The audience of parents, younger siblings, older siblings and friends went home with smiles on the dials and the kid talked 19 or maybe 99 to the dozen for the next hour. Brilliant. I love our school.

Tuesday, December 8, 2009

Tom's Midnight Garden

I am reading Tom's Midnight Garden to the Noodle as his bed time reading. The book is all about a child with insomnia, so I suppose there is some kind of irony there.

At first the Noodle was expecting it to be a funny book (indicating what he has been reading to himself recently), but once he realised it was more serious he brought his serious attention to the story. He always wants to skip the bits about Uncle Alan becoming irritable at Tom, but he is quite delighted by how Uncle Alan is often wrong, that Tom's experiences are beyond clever Uncle Alan's knowledge and perception.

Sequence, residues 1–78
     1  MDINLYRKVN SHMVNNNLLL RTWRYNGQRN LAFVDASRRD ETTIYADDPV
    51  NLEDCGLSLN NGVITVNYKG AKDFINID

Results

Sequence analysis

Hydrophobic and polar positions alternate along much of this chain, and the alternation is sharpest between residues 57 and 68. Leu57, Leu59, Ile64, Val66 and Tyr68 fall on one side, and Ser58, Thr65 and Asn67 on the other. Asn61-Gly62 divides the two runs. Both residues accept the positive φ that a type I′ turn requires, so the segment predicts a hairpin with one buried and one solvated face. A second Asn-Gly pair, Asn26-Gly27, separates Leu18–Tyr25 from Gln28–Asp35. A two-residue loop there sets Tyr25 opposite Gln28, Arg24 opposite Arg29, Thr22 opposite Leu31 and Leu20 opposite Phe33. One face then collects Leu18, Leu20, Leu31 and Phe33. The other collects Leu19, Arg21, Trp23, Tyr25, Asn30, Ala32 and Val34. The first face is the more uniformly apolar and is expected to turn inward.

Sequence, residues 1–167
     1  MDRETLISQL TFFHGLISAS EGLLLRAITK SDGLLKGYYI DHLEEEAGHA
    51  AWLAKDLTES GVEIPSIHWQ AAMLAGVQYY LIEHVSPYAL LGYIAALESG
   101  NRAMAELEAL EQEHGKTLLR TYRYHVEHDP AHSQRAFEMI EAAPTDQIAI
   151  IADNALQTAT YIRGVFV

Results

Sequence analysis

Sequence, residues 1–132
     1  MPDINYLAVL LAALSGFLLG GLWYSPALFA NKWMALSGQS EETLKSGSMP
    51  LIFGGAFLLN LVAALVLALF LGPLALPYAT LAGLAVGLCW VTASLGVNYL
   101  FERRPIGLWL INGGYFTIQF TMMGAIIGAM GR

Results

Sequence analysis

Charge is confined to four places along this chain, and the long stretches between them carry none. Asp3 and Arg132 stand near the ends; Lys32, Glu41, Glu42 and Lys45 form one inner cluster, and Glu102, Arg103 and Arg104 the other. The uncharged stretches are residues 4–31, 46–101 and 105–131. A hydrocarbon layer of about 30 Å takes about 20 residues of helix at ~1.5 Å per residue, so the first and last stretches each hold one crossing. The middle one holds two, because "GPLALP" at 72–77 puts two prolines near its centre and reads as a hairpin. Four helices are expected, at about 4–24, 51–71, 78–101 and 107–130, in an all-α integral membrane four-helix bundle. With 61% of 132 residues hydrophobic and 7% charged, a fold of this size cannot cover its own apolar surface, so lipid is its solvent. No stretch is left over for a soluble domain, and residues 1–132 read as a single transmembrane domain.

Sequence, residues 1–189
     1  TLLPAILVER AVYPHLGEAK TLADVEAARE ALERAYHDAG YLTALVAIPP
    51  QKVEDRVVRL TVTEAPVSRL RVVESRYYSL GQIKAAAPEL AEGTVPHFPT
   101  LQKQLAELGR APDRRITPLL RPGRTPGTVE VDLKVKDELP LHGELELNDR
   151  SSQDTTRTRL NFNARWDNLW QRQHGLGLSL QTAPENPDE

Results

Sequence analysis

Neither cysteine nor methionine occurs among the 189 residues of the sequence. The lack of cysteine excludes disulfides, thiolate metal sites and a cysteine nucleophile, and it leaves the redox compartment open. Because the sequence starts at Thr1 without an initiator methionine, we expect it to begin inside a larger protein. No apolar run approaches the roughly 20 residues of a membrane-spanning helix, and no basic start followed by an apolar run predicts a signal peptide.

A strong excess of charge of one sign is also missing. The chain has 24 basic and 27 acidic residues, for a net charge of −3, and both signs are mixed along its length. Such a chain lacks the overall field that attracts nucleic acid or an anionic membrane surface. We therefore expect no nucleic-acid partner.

The Noodle commented last night, as we approach the whole skating-to-Ely bit of the story, that soon Hatty's time will be catching up with Tom's. He figured out that Tom's reasoning about how long ago Hatty's time is might be wrong - the Victorian era was very long indeed and Tom assumes that Hatty is from the very start of it. Which of course she isn't. I am very pleased, because I think that he will find the ending very satisfying. His question was whether or not Tom would go back into the Garden to find Hatty old. I love the way the book explores the different paces of adult time and child time so that a child can understand it.

I myself am reading Wolf Hall. She tries to avoid that trap of historical novels in which the characters that we are interested in have somehow more 'modern' opinions than the others. I wish I didn't have to go to work so I could keep reading it all day and find more things to think about.

I am also reading a manuscript of short stories written by a Brisbane friend which I found in my letterbox when I came home from the beach. After I have told her what I think, I'll tell you all as well, so that you can all immediately read the collection as soon as it is published. I do like having clever (and slightly scary) friends.

Saturday, December 5, 2009

We found the south coast